Imagine being new in a community. Regardless of whether you rent or own your home, you need to get your utilities—e.g., water, power, trash—connected and an account set up in your name. In many places in the US, if you build a new patio or make extensions to your home, you need to get proper permits and permission from the city or county before you start those projects. But some cities and counties—especially in more rural areas in Texas—don’t have the resources to properly monitor or provide permits for these building changes.
Fort Hancock, Texas, is an unincorporated town located off I-10 about 45 minutes south of El Paso. Fort Hancock is located in Hudspeth County, the third largest county in Texas with one of the smallest populations in the state. The county has a limited tax base, which makes it difficult for officials to raise the funds necessary to step in and help these communities. The area has no formal local city government, and they are considered a colonia because there is inadequate drainage, wastewater treatment, and in some places a lack of access to water and power.
Fort Hancock has a beautiful desert landscape with mountains to the east and the Rio Grande River to the West. In the summers, the rains are unpredictable and fairly rare, but it only takes one-inch of rain for the water to come rushing down the mountains through previously dry creeks and streams. Community members call this rushing water an arroyo and talk about them like a force coming down from the mountains that leaves destruction in their path.
In 1945, Fort Hancock had a population of 240 people when the Army Corps of Engineers built four dams to control water flow off the mountains (and at least one private dam has been constructed), but the recent drought conditions mean that there is rarely water that pools in these structures. Fort Hancock has grown over time and in the 1980’s and 1990’s there was expansion into an area referred to as East Fort Hancock. As of 2023, there are over 1,000 people living in this unincorporated area and as they have grown, so have the paths the arroyos take through their community.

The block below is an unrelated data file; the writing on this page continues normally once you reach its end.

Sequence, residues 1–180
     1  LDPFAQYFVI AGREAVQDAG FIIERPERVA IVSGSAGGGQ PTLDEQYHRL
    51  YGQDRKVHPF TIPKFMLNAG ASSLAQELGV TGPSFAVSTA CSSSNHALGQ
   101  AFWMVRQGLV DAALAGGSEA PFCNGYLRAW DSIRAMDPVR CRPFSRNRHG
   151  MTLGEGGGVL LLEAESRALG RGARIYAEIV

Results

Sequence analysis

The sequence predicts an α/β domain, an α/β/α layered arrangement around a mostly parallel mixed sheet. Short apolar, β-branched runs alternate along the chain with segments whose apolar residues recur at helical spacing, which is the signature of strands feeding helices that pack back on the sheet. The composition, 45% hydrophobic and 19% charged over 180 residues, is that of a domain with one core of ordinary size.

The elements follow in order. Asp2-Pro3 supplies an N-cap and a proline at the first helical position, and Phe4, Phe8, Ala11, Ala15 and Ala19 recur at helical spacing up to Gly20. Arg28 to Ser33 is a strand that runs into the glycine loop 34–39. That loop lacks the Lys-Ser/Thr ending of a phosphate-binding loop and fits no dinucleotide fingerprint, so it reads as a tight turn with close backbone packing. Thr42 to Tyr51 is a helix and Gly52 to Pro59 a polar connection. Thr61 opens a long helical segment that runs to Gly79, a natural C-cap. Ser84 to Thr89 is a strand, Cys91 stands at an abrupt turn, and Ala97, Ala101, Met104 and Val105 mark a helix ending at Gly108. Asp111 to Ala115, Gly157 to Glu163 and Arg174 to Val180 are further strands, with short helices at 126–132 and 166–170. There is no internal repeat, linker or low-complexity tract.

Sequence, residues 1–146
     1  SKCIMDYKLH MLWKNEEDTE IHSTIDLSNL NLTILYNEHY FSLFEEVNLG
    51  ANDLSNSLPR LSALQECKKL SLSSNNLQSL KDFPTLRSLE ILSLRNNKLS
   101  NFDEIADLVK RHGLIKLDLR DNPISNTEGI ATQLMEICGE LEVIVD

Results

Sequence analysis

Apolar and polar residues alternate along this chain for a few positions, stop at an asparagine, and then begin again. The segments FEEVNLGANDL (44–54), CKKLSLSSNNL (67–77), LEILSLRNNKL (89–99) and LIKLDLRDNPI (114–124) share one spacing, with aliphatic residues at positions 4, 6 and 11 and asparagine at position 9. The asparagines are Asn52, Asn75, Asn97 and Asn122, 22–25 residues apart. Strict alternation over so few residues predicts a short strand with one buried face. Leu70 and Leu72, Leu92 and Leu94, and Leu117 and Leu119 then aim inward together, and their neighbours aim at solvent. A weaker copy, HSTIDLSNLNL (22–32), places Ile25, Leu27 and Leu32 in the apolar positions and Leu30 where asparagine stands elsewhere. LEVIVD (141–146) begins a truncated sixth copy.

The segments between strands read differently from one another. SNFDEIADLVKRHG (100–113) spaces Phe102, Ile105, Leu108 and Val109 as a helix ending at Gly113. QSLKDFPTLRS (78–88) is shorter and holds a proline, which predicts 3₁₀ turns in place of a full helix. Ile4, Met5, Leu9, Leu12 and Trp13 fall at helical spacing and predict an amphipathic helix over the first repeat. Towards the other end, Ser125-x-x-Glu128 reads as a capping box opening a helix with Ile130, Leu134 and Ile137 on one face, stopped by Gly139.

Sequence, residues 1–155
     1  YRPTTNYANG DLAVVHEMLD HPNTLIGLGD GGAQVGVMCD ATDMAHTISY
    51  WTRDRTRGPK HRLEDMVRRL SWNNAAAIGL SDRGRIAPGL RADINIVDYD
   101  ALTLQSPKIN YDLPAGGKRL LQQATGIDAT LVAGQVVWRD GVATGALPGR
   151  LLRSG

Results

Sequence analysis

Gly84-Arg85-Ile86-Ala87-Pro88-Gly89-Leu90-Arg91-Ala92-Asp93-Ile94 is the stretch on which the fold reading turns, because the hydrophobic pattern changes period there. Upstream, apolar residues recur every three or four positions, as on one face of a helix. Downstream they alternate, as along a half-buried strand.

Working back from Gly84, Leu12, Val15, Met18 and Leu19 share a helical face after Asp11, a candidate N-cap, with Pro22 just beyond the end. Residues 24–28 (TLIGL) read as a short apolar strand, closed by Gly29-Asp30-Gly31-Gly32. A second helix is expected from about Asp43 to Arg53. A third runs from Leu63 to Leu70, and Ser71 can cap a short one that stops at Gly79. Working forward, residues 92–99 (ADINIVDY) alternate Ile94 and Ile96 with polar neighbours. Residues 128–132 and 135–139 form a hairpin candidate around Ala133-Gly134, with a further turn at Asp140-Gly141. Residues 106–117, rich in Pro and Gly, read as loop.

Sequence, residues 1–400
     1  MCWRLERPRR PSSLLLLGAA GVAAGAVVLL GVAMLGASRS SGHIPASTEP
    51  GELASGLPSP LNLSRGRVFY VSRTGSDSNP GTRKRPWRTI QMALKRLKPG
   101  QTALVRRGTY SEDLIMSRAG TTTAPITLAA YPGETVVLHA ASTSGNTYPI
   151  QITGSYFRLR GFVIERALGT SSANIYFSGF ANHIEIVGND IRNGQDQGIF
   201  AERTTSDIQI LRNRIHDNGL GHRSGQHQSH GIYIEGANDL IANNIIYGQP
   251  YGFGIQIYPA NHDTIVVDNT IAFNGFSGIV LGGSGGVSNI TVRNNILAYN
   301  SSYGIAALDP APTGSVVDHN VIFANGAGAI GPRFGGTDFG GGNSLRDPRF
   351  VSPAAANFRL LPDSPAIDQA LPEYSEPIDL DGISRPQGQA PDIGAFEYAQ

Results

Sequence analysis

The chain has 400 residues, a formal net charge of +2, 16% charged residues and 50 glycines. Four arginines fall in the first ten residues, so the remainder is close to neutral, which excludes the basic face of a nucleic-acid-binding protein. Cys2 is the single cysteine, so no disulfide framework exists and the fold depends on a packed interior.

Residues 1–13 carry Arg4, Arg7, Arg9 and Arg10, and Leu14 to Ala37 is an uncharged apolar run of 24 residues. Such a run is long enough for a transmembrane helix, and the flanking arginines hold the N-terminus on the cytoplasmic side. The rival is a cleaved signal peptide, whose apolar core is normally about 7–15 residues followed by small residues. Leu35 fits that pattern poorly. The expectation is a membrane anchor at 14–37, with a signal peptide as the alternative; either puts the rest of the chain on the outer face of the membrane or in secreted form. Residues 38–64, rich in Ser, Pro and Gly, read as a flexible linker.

People driving down the major street (an unpaved, dirt road) in East Fort Hancock will notice many small hills composed of dirt, old tires, and brush (see photos). These common structures often appear in between the homes. Over time, people living in these homes have built these berms to divert the arroyos away from their homes so they are not flooded. The challenge is that every time a new berm is built, it then impacts their neighbors and changes the flow of the water. Aerial views of the arroyo dry creek beds show that the water no longer runs from the mountains to the Rio Grande, but instead, the berms have created conditions where the water now loops around homes with berms and even makes a semi-circle in some situations.
County Commissioner, Sergio Quijas, is called out during every rain to fix the roads. Most are dirt roads and the flowing water turns them into mud pits that people cannot safely drive on until some road base is built up or the water dries up. There is even one area where a small bridge is over the road, and the arroyo rushes so fast that it creates a rut and cars go hood first into the rut and cannot get out. While Commissioner Quijas fixes the roads, the next arroyo will likely wash them out again.
Our team began investigating the data available to help this community and their county apply for grants and funds to address their current and increasing flood risk. We found this area is in a data desert—the last time their flood risk was mapped by the Federal Emergency Management Agency (FEMA) was 1985, and there is not enough data for them to be included in the current Texas Water Development Board (TWDB) flood quilt mapping efforts. Actually, when combining every type of data that could indicate their flood risk, it appears they have almost no documented risk. Yet the community has been flooding at least once a year, for the past five years.
Our team created a large paper flood risk map for their county, and when shown to County Judge Joanna MacKenzie and Commissioner Quijas, they were both shocked. They immediately showed us geotagged images and videos of water rushing down one of the major streets in Fort Hancock and even washing out the bridge on that road. Our own visit to the community revealed evidence of water marks on fences and curling siding at the base of homes; it was clear that flooding occurs in this area, but it doesn’t show up on any flood risk maps.
The DRIP’s team’s next step is to figure out how to help the community create their own data and evidence that they are flooding. It is exciting to have such incredible community partners in Judge MacKenzie and Commissioner Quijas and we look forward to continuing to help them make their risk visible.